Prevalence and Severity of Dermatological Condition-Associated Skin Pain in the Chinese
Received 28 January 2020
Accepted for publication 7 May 2020
Published 26 May 2020 Volume 2020:13 Pages 1201—1207
Checked for plagiarism Yes
Review by Single anonymous peer review
Peer reviewer comments 2
Editor who approved publication: Professor E Alfonso Romero-Sandoval
Xiaohua Wang,1,* Qingsong Lai,2,* Baoqing Zheng,1 Li Ye,1 Si Wen,1 Yunling Yan,1 Bin Yang,1 Mao-Qiang Man1
1Dermatology Hospital, Southern Medical University, Guangdong 510095, People’s Republic of China; 2Puning City Chronic Disease Prevention and Control Center, Guangdong 515300, People’s Republic of China
*These authors contributed equally to this work
Correspondence: Mao-Qiang Man; Bin Yang Email [email protected]; [email protected]
Background/Aim: Although the characteristics of cutaneous sensory symptoms in the general population have been documented, dermatological condition-associated skin pain has not been characterized yet. In the present study, we aimed to characterize dermatological condition-associated skin pain in the Chinese.
Subjects and Methods: A questionnaire was given to outpatients to identify self-proclaimed skin pain at our dermatology clinic. The severity of skin pain was assessed using pain scale 0– 10. Prevalence and pain severity were compared between males and females.
Results: A total of 2144 patients, including 1254 females and 890 males aged 13– 94 years, were included in this study. The overall prevalence of skin pain was 9.93% in this cohort. The prevalence of skin pain varied greatly with dermatological conditions (p< 0.0001). Moreover, a higher prevalence of skin pain was observed in males than in females (p< 0.05). Among the dermatological conditions reported, higher skin pain scales were found in subjects with either glucocorticoid-induced dermatitis (4.20 ± 0.73) or herpes zoster (4.00 ± 0.29). While the overall pain scales were comparable between males and females (2.38 ± 0.13 versus 2.68 ± 0.13), pain scales in patients with eczematous dermatitis were higher in females than in males (p< 0.05). Furthermore, pain scales correlated positively with age. However, pain scales did not differ between subjects with versus without a family history of cutaneous sensory symptoms. These results demonstrate that the prevalence and severity of dermatological condition-associated skin pain vary with dermatological conditions and gender in the Chinese.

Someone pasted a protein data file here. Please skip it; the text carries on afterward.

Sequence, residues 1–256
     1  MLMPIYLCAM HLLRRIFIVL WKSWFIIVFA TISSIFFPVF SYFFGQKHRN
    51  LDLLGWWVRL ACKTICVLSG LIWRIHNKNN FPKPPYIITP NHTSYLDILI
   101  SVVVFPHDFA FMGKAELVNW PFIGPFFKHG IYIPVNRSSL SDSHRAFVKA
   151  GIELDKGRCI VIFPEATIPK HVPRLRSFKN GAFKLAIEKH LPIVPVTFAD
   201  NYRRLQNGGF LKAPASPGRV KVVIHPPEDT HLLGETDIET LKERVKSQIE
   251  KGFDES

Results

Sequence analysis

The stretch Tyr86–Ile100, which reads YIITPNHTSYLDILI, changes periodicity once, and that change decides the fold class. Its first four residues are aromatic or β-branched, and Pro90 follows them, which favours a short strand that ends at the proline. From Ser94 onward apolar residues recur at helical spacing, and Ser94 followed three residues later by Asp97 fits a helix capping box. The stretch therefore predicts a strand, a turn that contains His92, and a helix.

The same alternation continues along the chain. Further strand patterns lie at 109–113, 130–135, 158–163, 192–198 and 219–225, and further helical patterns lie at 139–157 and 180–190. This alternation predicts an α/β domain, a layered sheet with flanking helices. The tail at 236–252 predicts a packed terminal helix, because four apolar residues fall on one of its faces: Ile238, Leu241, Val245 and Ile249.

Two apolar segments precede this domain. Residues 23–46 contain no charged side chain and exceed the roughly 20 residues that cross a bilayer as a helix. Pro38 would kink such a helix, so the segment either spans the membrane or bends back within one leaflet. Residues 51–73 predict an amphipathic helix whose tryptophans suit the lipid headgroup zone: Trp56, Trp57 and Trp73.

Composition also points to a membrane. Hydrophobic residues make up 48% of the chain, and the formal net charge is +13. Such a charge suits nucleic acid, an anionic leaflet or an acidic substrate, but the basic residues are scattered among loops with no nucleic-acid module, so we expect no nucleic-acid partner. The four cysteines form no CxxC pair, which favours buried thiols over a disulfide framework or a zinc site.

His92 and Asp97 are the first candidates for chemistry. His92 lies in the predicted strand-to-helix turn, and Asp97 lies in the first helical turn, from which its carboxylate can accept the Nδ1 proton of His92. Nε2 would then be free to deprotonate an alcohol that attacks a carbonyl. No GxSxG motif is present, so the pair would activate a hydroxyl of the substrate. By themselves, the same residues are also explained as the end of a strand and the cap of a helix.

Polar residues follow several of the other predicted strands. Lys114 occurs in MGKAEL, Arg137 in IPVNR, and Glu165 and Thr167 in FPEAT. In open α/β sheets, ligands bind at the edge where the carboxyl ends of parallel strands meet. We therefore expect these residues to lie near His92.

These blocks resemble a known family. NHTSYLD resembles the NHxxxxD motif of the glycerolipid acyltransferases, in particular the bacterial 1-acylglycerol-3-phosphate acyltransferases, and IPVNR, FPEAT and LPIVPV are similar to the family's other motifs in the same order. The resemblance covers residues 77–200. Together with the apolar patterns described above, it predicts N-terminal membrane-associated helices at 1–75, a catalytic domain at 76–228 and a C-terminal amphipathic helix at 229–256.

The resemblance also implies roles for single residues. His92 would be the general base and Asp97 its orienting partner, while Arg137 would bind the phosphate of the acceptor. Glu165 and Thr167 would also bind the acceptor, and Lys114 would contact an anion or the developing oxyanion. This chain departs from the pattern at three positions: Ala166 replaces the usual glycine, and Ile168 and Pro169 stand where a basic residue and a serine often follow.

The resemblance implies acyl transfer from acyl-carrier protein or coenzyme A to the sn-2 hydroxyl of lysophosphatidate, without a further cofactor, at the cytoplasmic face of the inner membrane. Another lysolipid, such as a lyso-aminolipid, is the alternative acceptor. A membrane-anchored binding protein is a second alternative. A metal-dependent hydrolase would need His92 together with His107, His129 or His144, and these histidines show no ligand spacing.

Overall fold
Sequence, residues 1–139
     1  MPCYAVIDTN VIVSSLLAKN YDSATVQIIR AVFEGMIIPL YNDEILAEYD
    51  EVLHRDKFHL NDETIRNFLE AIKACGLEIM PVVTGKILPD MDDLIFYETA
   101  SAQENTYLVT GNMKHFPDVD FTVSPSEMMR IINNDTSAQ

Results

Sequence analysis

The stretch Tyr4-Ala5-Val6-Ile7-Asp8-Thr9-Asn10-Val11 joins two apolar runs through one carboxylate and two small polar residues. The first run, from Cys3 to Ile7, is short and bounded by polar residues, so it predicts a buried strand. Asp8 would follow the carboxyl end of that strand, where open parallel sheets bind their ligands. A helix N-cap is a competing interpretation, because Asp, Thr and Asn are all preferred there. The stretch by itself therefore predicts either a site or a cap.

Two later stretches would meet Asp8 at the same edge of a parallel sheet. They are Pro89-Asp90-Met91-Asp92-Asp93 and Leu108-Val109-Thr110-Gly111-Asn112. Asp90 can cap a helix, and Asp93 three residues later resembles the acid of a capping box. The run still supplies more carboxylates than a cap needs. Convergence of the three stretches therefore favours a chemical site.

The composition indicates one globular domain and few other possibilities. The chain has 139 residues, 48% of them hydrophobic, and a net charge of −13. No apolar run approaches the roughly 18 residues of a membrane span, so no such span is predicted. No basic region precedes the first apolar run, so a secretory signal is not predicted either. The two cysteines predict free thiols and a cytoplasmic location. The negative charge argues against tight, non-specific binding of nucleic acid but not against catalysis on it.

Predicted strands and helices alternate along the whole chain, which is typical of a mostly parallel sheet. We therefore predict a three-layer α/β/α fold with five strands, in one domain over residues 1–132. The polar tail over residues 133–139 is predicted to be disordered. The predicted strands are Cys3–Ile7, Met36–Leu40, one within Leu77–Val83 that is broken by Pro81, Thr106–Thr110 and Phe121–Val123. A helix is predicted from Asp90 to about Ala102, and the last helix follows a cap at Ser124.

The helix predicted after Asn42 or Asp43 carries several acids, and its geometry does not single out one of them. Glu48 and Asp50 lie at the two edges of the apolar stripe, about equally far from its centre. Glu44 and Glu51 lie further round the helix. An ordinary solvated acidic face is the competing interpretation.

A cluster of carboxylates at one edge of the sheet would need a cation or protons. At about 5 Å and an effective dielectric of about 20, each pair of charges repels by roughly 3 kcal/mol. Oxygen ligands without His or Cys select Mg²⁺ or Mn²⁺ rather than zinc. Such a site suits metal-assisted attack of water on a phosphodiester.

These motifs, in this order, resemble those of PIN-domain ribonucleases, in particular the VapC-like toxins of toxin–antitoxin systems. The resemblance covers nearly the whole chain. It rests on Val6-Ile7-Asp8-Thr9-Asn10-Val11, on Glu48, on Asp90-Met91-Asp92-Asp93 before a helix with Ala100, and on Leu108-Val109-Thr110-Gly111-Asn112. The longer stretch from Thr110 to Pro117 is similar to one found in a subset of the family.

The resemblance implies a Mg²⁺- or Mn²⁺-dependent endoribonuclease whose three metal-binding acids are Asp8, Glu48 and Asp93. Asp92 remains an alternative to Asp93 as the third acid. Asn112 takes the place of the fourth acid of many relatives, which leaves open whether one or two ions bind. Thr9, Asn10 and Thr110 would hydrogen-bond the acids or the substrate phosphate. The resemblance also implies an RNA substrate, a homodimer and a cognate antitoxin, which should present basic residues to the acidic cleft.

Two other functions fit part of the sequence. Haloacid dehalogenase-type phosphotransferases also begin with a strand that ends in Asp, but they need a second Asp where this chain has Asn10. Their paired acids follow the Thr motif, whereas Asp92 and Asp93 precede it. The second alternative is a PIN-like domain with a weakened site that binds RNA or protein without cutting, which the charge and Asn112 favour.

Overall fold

Conclusion: Patients with some dermatological conditions may experience skin pain. Although the pain is moderate, it can negatively impact the quality of patients’ lives. Alleviation of skin pain should be considered when treating patients with certain dermatological conditions.
Keywords: skin disorders, skin pain, gender, prevalence
Subjects with dermatological conditions can experience skin pain. Prior studies have shown that 20% of patients with skin sensory symptoms display characteristics of neuropathic pain1 and that over 40% of psoriatic patients also suffer from skin pain.2–4 Likewise, a substantial number of patients with atopic dermatitis experience skin pain with a pain intensity score as high as >7, evaluated using a pain scale 0 to 10.5,6 Vakharia et al7 reported that 14% of patients with atopic dermatitis had severe or very severe skin pain. Patients with rosacea displayed an overall reduction in heat pain sensitivity by 10% in comparison to those without rosacea or under normal healthy skin conditions.8 Moreover, involved area of rosacea displayed an over 10% reduction in heat pain threshold in comparison to either uninvolved areas or normal healthy controls.8 These patients can experience skin pain upon exposure to heat. Furthermore, over 30% of patients with hidradenitis suppurativa proclaimed skin pain.9 Although evidence indicates that the prevalence of some dermatological condition-associated skin pain is high, reports are sporadic. In addition, characteristics of dermatological condition-associated skin pain in most dermatological conditions are still poorly understood. In the present study, we characterize skin pain in a large cohort of Chinese patients with a variety of dermatological conditions.